More lives lost

Anger of Kashmiri youth touches new heights when it is fed to him that something is being superimposed on his Kashmiri Muslim identity.
More lives lost
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The violence always makes a statement with deaths. What happened on Sunday spoke  of so many things  all at once. The clashes that left seven people dead and many others injured  with burning buses and  stone throwing  making a visual treat  drawing vicarious  pleasure  at the scenes of blood red Kashmir.  The goal  of what happened on Sunday could have been anything ranging from the simple  enforcement of the poll boycott  and throwing a  solid challenge to  India. All this was done to make it  clear to the world that whose writ runs large in Jammu and Kashmir, especially the Valley where violence has become a part of daily life. the violence visits the Valley from every nook and corner. The doctrine of  violence  that has unveiled itself in many forms and manifestations has  brought the things to a verge where  there can only be a doom ahead  unless the  corrective measures are taken in time.

Anger of Kashmiri youth touches new heights when it is fed to him that something is being superimposed on his Kashmiri Muslim identity. Kashmiri is a rebel by nature. He takes things  in his stride only to a point. Beyond that the rebel within him surfaces  and reacts with a  vengeance. Now for over 27 years, Kashmiri rebels have seen that they  were going nowhere. They are disenchanted with  Delhi, Islamabad, international community, and more so by their own leadership, whether they represent separatist or the mainstream camp.

Emotional  and ideology hardened as he is, he jumps into a situation where violence  assumes justification and their deaths in the firing by security forces  something to be showcased to the world as the gross human rights violations. It is all  directed at drawing attention to each and every stone thrown, cause behind it  and also to every death and injury to magnify the effect. The underlined idea is  to show  what Kashmir is undergoing an how the status quo is suffocating the Valley. Some of the people may not agree, but they  find themselves fall in line because they have no other option to opt.

With some 7.14  per cent voting  and so much of violence  is not democracy. Even if some one wins, will he have any legitimacy or moral ground to claim  real victory. It is a defeat handed over in the form of victory to the winner, whosoever  he is. There are no victors. It is loose and lose situation. This is something that the would be winner should ponder. Whatever be the circumstances, the fact is that the polling was miserably low as a majority of voters stayed away from polling booths. May be it was because they were scared of visiting polling booths where the violence was visiting time and again. Or it was their own choice to  stay indoors to avoid  being caught in the vortex of  poll boycott violence  and  attendant deaths and injuries.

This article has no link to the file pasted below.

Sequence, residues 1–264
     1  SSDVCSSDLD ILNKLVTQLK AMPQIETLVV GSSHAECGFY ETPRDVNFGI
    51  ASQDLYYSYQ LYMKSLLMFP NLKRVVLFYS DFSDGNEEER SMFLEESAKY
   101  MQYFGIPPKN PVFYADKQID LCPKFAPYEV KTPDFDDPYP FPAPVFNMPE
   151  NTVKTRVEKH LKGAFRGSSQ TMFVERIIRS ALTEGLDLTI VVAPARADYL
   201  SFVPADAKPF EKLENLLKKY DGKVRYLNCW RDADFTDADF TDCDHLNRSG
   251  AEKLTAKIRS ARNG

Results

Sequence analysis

One  point that needs to be understood is that the violence is encouraged and incited by politicians conferring  heroism on the stone throwers. But, when the actual violence happens and tragedies  pile up, they never own their statements inciting the violence. the whole blame is laid at the doors of others. If the past is any guide, it would happen again this  time. It is inherent in the genes of the politicians  whose view is just concentrated on their self.

Separatists, as they have done it always, tried to redeem their position by giving a call for  a general strike for two days  to mourn and protest death of civilians  in the firing  by security forces. They would insist that their stand has been vindicated by the loss of lives in the line of cause. " The sham elections held under the  unacceptable  presence of the  Indian army  were unacceptable to the people of Kashmir." Agreed ! But  had there been no violence and the percentage would have stayed as low as it is, then they could have claimed the credit. The violence  should not be made a tool to  demonstrate the popularity of their cause. Since large scale violence,  particularly  in Budgam district, was central to the low percentage, they need to revisit their own popularity test.

Again, it may be said that there  was not the proper assessment of the situation.  The preview was more coloured than factual. It was not the time for the bye-elections. At this point of time Kashmir's wounds of 2016 were still festering.  The feelings were  bubbling with anger as the youth who had lost their friends and loved ones  were s waiting to seek revenge.   The administration had not taken control of things as yet.  It is in doldrums.

Election Commission of India should have understood the  situation instead of rushing with the holding of elections to meet  its deadlines. The deadlines are not sacrosanct.  The peoples' lives and properties are.  Heavens had not fallen when general elections were not held in the state in 1991  because of the adverse situation in the Valley.  Text book style democracy has its own pitfalls. The loss of eight lives and the lowest voting  percentage  have  stamped anything but the  enthusiasm for democracy in Kashmir.

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